In a breakthrough for the medical profession, scientists have revealed that attempts to grow mature human liver cells from skin cells have been successful. Researchers from the Roddenberry Center for Stem Cell Research at the Gladstone Institutes and the Broad Center of Regeneration Medicine and Stem Cell Research at the University of California, San Francisco (UCSF), used stem cell techniques for the basis of their research, testing the resultant cells on mice with engineered liver failure.
Titled 'Mouse liver repopulation with hepatocytes generated from human fibroblasts' and published in scientific journal Nature, the study heralds an optimistic future for the development of effective liver failure treatments. The development of fully mature cells is the key game-changer for the study, as previous attempts with under-matured liver cells failed to survive after transplantation.
Study leader Sheng Ding, PhD, and Senior Investigator at Gladstone Institutes, noted that prior attempts saw scientists taking the wrong tack. "Earlier studies tried to reprogram skin cells back into a pluripotent, stem cell-like state in order to then grow liver cells," said Dr. Ding. As a result, the reprogrammed cells behaved like liver cells, but perished too soon after development to form the basis of liver disease treatments. Ding elaborated on his team's method: "However, generating these so-called induced pluripotent stem cells, or iPS cells, and then transforming them into liver cells wasn't always resulting in complete transformation. So we thought that, rather than taking these skin cells all the way back to a pluripotent, stem cell-like state, perhaps we could take them to an intermediate phase."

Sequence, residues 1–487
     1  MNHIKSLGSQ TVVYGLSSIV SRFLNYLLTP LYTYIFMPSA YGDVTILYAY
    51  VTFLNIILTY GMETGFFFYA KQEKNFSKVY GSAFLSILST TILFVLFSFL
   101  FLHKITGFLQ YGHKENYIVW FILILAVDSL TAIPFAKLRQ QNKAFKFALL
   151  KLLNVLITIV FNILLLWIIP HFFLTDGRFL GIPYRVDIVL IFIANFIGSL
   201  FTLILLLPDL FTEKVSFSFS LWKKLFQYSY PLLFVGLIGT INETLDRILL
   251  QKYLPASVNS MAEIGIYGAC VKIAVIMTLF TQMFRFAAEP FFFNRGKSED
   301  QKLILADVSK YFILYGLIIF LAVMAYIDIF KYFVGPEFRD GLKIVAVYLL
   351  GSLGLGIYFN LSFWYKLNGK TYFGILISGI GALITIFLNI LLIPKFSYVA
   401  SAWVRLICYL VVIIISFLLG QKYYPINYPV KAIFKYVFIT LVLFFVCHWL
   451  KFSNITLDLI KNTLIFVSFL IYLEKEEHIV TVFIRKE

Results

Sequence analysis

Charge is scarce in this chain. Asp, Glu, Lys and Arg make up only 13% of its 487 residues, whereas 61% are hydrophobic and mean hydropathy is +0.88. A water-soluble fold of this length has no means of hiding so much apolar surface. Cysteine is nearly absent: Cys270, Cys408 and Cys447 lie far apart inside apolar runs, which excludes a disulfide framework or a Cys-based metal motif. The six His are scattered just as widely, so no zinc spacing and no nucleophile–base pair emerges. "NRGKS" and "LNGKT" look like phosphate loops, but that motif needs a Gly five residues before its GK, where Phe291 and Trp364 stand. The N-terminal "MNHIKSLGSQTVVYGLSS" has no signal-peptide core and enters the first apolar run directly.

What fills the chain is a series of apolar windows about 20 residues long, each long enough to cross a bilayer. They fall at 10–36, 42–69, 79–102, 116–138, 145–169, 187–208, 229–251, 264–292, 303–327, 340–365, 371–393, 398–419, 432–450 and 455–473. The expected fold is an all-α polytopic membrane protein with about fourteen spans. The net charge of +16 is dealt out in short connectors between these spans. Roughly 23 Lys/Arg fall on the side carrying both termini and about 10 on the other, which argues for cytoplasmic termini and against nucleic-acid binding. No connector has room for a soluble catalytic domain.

As such, Ding and his colleagues deviated from the direction of previous studies. Rather than manipulating skin cells to a form reminiscent of stem cells, they instead used the endoderm - a germ cell layer of a budding embryo, and a later phase than stem cells - as the building blocks of the experiment, using a variety of genes and compounds to influence the development of the cells. The process worked, with the cells changing shape and taking on characteristics of organic liver cells. Holder Willenbring, M.D., PhD, of the UCSF's Liver Center, was positive about the development, saying that the result offers an "alternative for liver-failure patients who don't require a full-organ replacement, or who don't have access to a transplant due to limited donor organ availability."
At present, there are over 16,000 Americans on waiting lists for liver transplants. According to data from the Centers for Disease Control and Prevention (CDC), chronic liver disease and cirrhosis account for 10.3 deaths per 100,000 people.